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Archive for June 13, 2016

Rosy Maple Moth Reproductive Cycle

6-13-16  rosy maple moth2  039

In today’s post, I inferred that further south a female Rosy Maple Moth mated more than once in a given summer.  I would like to suggest that this may not be the case. While a source I consulted stated that “for each new brood, rosy maple moth females find a different male,” the reproductive behavior of the Rosy Maple Moth is not well understood. Other sources infer that further south the larvae of the first brood mature and mate, producing a second brood, and that the second brood, at least in Florida, has time to mature, breed and produce a third brood before winter.  This would be the more typical reproductive life cycle of a moth, and while I cannot personally confirm that this is accurate, it seems more logical to me.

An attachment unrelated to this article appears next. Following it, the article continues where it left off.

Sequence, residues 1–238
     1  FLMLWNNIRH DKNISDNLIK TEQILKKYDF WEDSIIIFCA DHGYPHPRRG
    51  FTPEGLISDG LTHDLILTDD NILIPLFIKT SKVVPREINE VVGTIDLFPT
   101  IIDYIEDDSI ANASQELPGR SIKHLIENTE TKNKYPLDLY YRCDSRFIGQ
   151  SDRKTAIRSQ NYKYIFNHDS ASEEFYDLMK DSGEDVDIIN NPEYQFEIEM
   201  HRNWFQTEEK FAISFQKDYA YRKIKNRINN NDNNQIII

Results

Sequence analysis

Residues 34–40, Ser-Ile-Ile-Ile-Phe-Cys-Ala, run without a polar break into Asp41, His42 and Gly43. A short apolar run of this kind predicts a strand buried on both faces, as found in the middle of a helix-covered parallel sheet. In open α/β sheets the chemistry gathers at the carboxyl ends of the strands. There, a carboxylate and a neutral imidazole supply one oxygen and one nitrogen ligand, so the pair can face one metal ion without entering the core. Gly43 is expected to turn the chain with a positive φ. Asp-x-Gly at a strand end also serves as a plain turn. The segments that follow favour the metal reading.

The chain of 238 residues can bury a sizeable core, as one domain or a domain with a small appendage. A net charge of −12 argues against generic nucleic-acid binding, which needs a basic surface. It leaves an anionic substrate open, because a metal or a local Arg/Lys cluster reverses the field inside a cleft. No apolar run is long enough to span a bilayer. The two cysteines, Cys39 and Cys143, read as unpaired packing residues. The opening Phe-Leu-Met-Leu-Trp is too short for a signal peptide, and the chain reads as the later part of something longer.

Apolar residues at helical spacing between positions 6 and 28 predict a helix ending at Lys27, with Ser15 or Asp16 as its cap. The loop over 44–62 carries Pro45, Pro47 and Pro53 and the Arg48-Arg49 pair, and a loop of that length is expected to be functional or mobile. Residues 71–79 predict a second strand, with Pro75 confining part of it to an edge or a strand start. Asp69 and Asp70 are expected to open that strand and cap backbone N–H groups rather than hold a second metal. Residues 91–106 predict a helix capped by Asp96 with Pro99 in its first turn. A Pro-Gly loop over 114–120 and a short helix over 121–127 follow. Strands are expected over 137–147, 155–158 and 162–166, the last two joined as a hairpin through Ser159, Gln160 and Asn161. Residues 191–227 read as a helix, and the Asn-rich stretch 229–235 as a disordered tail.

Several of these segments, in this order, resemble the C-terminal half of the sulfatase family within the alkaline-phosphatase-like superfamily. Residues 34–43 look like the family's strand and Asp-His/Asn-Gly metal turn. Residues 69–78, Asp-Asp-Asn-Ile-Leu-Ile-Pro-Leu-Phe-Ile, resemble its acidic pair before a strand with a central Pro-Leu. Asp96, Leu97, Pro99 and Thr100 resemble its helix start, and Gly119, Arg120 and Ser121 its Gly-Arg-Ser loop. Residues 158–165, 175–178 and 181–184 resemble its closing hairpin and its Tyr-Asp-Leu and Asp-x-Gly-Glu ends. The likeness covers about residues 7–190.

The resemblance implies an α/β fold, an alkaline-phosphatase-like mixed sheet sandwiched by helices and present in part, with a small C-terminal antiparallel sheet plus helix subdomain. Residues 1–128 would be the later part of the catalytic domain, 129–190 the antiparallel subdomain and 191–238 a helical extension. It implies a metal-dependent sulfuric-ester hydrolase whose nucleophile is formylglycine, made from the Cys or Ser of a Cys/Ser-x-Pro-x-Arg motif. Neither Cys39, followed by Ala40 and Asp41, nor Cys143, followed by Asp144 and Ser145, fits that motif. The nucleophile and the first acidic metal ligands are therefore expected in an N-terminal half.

Rosy Maple Moths Emerging, Mating & Laying Eggs

6-13-16  rosy maple moth 059Rosy Maple Moths (Dryocampa rubicunda) are easy to recognize, with their pink and yellow woolly bodies, pink legs and pink antennae.  Many adults are emerging from their pupal cases now, having spent the winter underground as pupae. Once metamorphosis is complete, the adult moths lose no time in finding mates and laying eggs, not stopping to even eat.  These members of the family Saturniidae are most active during the first third of the night, reducing their body temperature and activity in the morning and afternoon.

Mating takes place at night on the underside of a leaf, and 24 hours later the female lays clusters of 10-30 eggs (a total of 150 – 200 eggs) on the underside of the leaves of the larvae’s host plants, most often maples and oaks.  When the eggs hatch, the larvae usually remain on the same tree throughout their larval stage.

Known as Green-striped Mapleworms, the larvae initially feed together, but become independent feeders as they age.  Mapleworms change color as they develop.  When young, most have black heads and yellow bodies, but with age their heads turns reddish-brown and their bodies assume a shade of green.

In New England there is only one brood per summer; further south, there are multiple broods.

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